I really enjoy teaching and helping people learn, and this experience led to me teaching at Gnomon, and at the Laguna College of Art and Design. I tell all my students that our world is not that big, and I am truly grateful that in my career I have never had to do a single interview. All my work has been on a referral basis. And I believe the reason behind this is because I have a solid foundation. Plus, I work really diligently, and that helps a ton, too! And I try to always have my own approach—a particular style that is recognized and appreciated. My mentors and teachers have been so influential that I try to extend their wisdom into my work. They have all been so generous and I feel that that is key to being a great artist and educator. What I mean by generous is that they have no secrets. Some artists like to hide their approach or keep certain skillsets or shortcuts a secret. But, I feel with the opposite approach, an artist can discover even more through open-sharing, communicating, and experimenting.

GW: You’ve taught at Gnomon since 2005. Is there an experience that stands out to you about teaching at Gnomon that you can share?

CH: What I really like about Gnomon is that the school is very specific. Gnomon focuses on game design and visual effects, so the students have a phenomenal understanding of what the outcome from their education there will be. I have noticed that with other schools that are more broad, the students have a harder time and are not quite sure what they want to do, what classes to take, what to focus on, whether background or characters, etc. But when it comes to Gnomon, their programs are more dense and more specific, so the students know what they are getting in to, which I feel is really great. In addition, I’ve noticed that age-wise, the students at Gnomon seem very mature, and that their focus is spot on, like they are mentally ready for hardcore programs, which make the classes very enjoyable to teach.

GW: Can you describe your approach when teaching foundational classes, such as figure drawing and costume drawing? Including what students should anticipate at this stage?

CH: I approach figure drawing and costume drawing differently. Figure drawing is foundation-focused where costume drawing is design-focused. At the end of the day, every student is a designer. You are going to get paid to design something, or come up with a visual that represents the client’s goal or the need of the project. We put this two-dimensional relationship on paper/surface. And there is a sense of an intense story there, be it violent, or peaceful, or elegance, all based on those shapes.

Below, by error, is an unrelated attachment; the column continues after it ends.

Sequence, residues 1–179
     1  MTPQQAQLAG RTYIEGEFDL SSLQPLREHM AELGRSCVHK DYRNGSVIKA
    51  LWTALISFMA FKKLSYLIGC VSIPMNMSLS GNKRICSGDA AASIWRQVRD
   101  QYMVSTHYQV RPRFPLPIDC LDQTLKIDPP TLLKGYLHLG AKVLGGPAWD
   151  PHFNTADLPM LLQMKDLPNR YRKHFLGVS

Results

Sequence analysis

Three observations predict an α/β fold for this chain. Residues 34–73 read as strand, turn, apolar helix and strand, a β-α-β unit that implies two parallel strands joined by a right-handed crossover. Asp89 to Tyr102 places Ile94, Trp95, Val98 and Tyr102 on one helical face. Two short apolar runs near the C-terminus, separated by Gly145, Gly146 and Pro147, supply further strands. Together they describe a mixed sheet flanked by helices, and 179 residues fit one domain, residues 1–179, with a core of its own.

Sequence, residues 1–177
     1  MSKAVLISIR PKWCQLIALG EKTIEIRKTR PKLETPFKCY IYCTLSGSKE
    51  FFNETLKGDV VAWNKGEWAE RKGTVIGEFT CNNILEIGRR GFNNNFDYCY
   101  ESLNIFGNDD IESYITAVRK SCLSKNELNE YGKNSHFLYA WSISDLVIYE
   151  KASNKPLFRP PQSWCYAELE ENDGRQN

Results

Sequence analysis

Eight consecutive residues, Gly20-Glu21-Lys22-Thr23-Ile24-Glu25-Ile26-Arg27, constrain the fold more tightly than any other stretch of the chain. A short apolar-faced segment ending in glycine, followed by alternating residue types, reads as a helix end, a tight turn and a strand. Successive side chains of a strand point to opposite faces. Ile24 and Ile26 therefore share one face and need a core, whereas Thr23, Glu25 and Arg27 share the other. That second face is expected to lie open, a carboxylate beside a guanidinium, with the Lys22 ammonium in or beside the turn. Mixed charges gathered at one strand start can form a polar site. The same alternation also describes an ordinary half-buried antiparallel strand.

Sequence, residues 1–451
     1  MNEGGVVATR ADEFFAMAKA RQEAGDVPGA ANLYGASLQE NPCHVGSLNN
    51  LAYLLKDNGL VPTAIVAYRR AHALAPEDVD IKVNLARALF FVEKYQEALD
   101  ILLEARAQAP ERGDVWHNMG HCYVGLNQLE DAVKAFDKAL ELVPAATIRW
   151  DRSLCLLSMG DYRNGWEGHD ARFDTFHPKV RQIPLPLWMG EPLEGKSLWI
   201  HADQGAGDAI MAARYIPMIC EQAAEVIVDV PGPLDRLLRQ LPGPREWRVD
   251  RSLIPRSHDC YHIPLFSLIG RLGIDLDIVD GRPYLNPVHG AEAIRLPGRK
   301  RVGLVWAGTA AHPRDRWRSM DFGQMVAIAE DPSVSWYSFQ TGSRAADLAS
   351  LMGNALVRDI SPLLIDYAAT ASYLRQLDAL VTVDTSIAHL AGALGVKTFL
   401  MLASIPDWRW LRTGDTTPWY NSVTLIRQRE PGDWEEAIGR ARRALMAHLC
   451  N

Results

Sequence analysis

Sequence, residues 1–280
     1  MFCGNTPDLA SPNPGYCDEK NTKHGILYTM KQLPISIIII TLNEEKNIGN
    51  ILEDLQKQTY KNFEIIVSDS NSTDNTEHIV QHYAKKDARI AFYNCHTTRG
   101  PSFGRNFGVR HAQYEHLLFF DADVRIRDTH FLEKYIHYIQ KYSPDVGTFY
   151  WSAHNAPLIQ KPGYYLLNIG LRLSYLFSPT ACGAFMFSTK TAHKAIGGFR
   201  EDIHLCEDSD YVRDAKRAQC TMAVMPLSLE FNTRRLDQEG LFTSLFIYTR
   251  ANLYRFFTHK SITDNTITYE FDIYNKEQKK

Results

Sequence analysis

Figure drawing incorporates a foundational understanding of balance, proportions, shapes, etc., but, then when you get into costumes, and what I love about costumes, is that the models all have different silhouettes. So then our job becomes figuring out all those shapes and how to compose them. That is what is really exciting to me.

GW: What advice do you have for specifically freshman and sophomore students?

CH: Great question. I’ve noticed that new students most often don’t know what they want to do, so I feel solid advice would be to narrow down the focus. It’s important to note that while this new generation is really into games and movies and the whole dramatic look of both industries, it is equally, if not more, important to recognize the foundation part of it all and how much practice and foundational-skill it took to create that.

For example, when I started teaching at Gnomon long ago, the figure drawing class was not a part of their core classes, and therefore at that time, no one was signing up to take the class. It wasn’t until Gnomon added Figure Drawing to their core class structure that students realized the value in that class. Before that, there was a misunderstanding about how important it is. So, often, students would just jump right into classes such as characters, story boarding, environments, etc., but, then they would have a really difficult time in those classes. Because if you don’t understand the foundation elements in producing solid art, or a solid picture, you won’t be able to expand yourself and allow yourself to develop in other intricate areas. If you don’t have the form, it will hold you back.

GW: Can you share what it was like having a mentor like Steve Huston? And how can a student go about finding a mentor?